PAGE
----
becoming the first Florida-bred to win the Kentucky Derby.

On the winner’s stand, a Marshall would come onto the stand and approach trainer
Hugh Fontaine, who owed $2000 in taxes, just as Needles was receiving his roses. One
account said that he paid the money, while others claimed that he would be the only
man ever arrested in the Kentucky Derby winner’s circle. Bonnie Heath managed to get
Fontaine released, then the pair returned to go to the Kentucky Derby winner’s party.
They were both denied access.

Going on to contest the Preakness, the track didn’t help Needles running style, resulting
in his finishing behind the Derby runner-up Fabius. However, he would go on to conquer
the Belmont, winning by a neck with Fabius finishing third. From New York, Needles
shipped to Chicago where he would attempt to take on two races on the grass, finishing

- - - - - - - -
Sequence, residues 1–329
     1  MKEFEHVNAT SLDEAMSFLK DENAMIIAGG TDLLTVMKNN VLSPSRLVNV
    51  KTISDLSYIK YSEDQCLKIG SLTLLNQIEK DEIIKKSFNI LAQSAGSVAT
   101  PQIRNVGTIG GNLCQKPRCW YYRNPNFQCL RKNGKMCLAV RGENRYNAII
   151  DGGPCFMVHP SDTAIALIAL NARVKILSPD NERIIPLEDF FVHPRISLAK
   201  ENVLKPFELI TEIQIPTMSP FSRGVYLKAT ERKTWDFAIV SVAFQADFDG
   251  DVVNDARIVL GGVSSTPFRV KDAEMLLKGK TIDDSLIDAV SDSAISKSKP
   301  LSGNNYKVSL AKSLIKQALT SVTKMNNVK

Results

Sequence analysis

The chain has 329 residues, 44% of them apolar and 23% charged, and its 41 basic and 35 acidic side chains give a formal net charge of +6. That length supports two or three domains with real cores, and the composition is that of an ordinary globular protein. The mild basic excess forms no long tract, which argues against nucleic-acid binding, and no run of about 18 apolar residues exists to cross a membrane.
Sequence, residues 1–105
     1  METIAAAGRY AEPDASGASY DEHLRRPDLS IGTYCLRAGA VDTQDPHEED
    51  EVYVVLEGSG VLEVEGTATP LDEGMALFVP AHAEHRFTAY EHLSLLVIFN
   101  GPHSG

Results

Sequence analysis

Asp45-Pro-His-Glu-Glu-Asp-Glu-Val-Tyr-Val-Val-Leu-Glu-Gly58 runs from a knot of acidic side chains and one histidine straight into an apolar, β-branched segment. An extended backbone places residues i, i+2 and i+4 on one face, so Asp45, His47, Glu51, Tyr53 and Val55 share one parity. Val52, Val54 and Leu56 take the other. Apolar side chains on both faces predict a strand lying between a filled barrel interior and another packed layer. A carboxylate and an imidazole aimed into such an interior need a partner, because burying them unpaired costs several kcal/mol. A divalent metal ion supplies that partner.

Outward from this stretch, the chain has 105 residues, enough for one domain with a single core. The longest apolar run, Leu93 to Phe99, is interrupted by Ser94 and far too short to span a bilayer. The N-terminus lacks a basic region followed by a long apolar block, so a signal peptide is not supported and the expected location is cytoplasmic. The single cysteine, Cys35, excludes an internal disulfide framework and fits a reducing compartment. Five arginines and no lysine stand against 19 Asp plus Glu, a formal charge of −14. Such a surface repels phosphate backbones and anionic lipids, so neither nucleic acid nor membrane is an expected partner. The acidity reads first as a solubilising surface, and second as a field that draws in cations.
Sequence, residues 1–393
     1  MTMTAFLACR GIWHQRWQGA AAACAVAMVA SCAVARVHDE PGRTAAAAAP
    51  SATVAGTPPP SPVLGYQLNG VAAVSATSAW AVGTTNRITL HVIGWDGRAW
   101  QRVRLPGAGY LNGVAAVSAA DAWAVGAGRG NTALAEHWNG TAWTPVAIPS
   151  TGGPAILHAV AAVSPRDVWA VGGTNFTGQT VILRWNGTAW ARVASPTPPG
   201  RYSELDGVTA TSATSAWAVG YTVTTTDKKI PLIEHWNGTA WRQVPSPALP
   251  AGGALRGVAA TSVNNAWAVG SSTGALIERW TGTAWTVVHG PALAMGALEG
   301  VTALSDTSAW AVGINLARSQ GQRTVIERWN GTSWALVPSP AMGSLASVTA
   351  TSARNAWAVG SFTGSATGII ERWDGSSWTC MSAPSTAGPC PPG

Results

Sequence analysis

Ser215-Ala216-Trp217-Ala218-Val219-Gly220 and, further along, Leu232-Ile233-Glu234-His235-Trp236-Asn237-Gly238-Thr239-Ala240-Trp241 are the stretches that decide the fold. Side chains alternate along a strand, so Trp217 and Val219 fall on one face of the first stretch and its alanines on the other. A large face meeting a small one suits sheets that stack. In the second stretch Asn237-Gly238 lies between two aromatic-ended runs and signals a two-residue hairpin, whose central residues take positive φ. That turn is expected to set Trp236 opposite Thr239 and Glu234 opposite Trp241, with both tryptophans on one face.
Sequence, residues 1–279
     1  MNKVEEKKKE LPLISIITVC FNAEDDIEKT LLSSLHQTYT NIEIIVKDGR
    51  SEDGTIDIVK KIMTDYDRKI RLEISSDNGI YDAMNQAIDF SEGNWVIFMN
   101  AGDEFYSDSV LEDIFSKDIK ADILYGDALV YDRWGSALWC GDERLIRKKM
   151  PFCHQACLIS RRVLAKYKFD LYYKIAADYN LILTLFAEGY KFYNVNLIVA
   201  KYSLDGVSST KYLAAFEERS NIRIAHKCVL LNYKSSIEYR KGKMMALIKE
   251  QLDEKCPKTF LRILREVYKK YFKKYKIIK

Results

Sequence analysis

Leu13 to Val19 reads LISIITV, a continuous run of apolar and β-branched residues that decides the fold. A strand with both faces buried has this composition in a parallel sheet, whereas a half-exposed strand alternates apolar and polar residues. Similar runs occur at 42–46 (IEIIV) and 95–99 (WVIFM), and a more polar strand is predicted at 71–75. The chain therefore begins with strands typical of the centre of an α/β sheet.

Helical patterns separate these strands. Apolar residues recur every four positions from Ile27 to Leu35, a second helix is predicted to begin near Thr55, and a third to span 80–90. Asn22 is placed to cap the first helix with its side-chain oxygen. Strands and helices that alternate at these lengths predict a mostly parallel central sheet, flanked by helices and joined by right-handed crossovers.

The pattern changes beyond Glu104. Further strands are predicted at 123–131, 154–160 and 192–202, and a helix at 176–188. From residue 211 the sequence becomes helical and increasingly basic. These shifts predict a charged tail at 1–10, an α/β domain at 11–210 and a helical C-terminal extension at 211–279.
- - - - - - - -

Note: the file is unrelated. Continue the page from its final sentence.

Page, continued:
unplaced in both. Though he didn’t have the best of luck in Chicago, the rest of his
campaign earned the Florida-bred 3YO Champion Male honors.

Racing at 4, his best finish would be a win in the Fort Lauderdale Handicap. Needles
retired as the first Florida-bred Champion racehorse and classic winner, having 11 wins
and 6 placings from 21 starts, earning $600,355. Because he was a Florida hero, the
owners decided to stand Needles at their Florida farm, which resulted in essentially the
beginning of the horse farm boom in Ocala. When the stallion was first retired there
were only a half-dozen farms in the area. Taking a chance on standing the well-known
champion there, the area soon started to significantly grow. Needles was such a folk-
hero, that he was paraded around the field at half-time for a University of Florida football

At stud, Needles sired 233 winners from 20 crops, with 21 of those being stakes
winners. The best known of his winners were Irish Rebellion, Nushka, Slystitch, and
Vitamin Shot. Needles passed away at Bonnie Heath Farm at the old age of 31. His
heart and hooves were buried at the Ocala Breeders’ Sales Company’s Garden of
Champions, with the remainder buried at Bonnie Heath Farm.

(Print courtesy of the Kentucky Derby Museum archives)
Rickelle  Nelson

Rickelle Nelson

Reservations Manager for the Kentucky Derby Museum